Contact Don Ledford, Public Affairs ● (816) 426-4220 ● 400 East Ninth Street, Room 5510 ● Kansas City, MO 64106

APRIL 29, 2009






            KANSAS CITY, Mo. – Matt J. Whitworth, Acting United States Attorney for the Western District of Missouri, announced today that two Missouri men and their company are among those indicted by a federal grand jury in a nationwide e-mail spamming case that victimized more than 2,000 colleges and universities in a scheme that sold more than $4 million worth of products to students.

            Amir Ahmad Shah, 28, of St. Louis, Mo., his brother, Osmaan Ahmad Shah, 25, of Columbia, Mo., their business, I2O, Inc., Liu Guang Ming, a citizen of China, and Paul Zucker, 55, of Wayne, New Jersey, were charged in a 51-count indictment returned under seal by a federal grand jury in Kansas City, Mo., on Thursday, April 23, 2009. That indictment was unsealed and made public today upon the arrests and initial court appearances of Amir and Osmaan Shah.

            “Nearly every college and university in the United States was impacted by this scheme,” Whitworth said. “Illegal hacking and e-mail spamming wreaks havoc on computer networks. These schools spent significant funds to repair the damage and to implement costly preventive measures to defend themselves against future intrusions. We take computer crimes seriously and will aggressively prosecute those who violate the federal CAN-SPAM Act.”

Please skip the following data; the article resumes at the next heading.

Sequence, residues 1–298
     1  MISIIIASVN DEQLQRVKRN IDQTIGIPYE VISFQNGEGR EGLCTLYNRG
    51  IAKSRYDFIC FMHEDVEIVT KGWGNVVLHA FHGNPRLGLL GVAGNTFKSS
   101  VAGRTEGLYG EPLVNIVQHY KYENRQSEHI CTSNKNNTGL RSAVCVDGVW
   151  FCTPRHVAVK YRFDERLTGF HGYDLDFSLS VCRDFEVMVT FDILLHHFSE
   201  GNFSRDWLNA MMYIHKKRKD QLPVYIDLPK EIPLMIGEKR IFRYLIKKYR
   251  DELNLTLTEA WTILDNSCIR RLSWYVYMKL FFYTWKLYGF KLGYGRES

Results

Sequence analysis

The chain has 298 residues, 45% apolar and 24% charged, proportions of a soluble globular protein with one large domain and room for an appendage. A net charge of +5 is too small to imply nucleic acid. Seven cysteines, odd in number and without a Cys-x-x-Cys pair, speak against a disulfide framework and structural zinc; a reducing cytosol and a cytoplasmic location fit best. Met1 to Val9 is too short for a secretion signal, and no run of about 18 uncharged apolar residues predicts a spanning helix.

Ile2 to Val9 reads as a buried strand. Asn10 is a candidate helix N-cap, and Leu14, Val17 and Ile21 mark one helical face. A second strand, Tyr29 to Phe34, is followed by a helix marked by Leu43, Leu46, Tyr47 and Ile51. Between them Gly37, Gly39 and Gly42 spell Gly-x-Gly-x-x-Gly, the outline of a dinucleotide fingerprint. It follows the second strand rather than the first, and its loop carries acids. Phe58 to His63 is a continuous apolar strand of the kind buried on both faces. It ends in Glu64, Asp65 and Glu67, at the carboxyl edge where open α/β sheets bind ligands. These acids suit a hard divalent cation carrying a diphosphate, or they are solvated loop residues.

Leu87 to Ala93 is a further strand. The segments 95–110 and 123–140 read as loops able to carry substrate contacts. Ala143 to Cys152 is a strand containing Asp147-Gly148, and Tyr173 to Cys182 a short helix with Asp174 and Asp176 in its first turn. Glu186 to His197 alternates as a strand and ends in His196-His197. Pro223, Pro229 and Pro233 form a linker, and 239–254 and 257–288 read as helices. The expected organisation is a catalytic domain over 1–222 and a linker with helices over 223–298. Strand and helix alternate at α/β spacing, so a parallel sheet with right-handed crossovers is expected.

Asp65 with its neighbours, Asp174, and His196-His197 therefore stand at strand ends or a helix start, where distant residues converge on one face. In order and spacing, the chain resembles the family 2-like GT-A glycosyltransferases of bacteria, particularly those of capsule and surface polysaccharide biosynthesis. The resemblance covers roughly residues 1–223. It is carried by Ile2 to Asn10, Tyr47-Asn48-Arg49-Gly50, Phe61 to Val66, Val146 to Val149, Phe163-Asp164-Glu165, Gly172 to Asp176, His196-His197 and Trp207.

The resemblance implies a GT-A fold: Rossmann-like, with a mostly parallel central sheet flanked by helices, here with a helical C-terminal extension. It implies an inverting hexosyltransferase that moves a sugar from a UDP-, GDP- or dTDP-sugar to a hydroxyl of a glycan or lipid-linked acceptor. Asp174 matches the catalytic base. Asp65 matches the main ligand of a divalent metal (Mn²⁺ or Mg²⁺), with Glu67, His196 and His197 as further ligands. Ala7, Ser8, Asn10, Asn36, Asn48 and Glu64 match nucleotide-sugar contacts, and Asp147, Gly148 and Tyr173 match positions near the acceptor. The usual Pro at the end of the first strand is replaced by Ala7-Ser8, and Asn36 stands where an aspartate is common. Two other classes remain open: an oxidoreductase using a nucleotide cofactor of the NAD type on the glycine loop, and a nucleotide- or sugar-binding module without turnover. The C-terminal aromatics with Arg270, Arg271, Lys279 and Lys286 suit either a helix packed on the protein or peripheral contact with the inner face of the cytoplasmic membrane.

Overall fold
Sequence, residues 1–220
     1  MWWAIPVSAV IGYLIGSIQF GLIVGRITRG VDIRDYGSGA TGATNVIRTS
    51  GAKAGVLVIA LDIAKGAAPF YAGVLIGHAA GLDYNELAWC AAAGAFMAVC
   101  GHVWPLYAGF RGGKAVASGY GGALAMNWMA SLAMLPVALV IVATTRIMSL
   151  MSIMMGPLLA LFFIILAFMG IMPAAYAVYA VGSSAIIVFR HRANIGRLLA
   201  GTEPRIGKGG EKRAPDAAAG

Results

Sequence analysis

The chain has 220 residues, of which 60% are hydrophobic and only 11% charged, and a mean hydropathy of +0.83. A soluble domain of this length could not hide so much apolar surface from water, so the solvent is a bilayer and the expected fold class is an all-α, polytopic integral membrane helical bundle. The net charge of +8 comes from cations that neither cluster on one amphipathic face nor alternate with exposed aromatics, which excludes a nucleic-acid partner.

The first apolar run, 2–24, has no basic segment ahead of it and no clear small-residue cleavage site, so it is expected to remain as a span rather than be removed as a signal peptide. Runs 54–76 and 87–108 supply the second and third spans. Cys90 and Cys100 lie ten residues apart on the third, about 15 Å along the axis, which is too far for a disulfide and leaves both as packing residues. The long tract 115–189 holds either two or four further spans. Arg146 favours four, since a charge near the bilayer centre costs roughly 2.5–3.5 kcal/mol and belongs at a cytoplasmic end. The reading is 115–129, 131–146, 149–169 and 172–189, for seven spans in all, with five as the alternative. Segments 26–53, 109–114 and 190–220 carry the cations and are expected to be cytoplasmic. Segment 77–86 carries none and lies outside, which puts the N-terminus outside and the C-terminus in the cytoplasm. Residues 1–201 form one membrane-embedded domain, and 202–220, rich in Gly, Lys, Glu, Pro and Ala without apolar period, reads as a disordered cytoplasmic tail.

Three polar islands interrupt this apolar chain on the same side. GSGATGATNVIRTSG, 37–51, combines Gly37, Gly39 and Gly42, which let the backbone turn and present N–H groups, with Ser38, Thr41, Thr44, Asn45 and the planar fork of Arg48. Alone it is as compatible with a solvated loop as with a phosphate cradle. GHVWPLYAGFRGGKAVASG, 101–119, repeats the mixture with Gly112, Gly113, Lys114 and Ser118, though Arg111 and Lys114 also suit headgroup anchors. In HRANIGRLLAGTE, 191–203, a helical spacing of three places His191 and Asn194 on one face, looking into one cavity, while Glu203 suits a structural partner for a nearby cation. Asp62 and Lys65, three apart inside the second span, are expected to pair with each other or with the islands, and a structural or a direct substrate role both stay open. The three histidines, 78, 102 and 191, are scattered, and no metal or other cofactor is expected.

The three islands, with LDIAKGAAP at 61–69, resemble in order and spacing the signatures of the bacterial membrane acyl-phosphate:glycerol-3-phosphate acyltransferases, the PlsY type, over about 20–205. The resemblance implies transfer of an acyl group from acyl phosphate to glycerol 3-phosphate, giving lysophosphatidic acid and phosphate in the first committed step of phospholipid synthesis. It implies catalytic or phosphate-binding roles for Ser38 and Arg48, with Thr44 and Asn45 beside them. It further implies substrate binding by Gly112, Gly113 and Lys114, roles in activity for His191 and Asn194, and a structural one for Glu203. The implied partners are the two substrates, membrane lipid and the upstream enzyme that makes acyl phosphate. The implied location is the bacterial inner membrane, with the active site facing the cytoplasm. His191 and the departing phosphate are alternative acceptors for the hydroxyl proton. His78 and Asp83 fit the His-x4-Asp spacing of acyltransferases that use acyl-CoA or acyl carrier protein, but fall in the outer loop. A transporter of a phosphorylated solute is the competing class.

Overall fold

The federal indictment alleges that the spam e-mail scheme targeted colleges and universities across the United States. The Shahs allegedly developed e-mail extracting programs, which they used to illegally harvest more than 8 million student e-mail addresses from more than 2,000 colleges and universities. They allegedly used this database of e-mail addresses to send targeted spam e-mails selling various products and services to those students. They conducted at least 31 of these spam e-mail marketing campaigns directed at students, the indictment says, selling more than $4.1 million worth of products.

            According to the indictment, the Shahs often initiated their spam campaigns, sending millions upon millions of spam e-mail messages, through the computer network at the University of Missouri, where Osmaan Shah is a student. Osmaan Shah connected to the Internet via the campus wireless Internet service and also connected directly to the network through an ethernet cable connection in a classroom or other campus building. The university’s network sustained damage from the large amount of network resources and bandwidth used during the transmission of millions of spam e-mail through its system. The university also expended a substantial amount of time, money and resources to respond to and repair problems caused by the spam e-mail campaigns and to protect and defend its network from future spam e-mail campaigns.

            “The University of Missouri has worked closely alongside our office throughout this investigation,” Whitworth said. “We appreciate their partnership and cooperation, which has been instrumental in bringing this case to indictment.”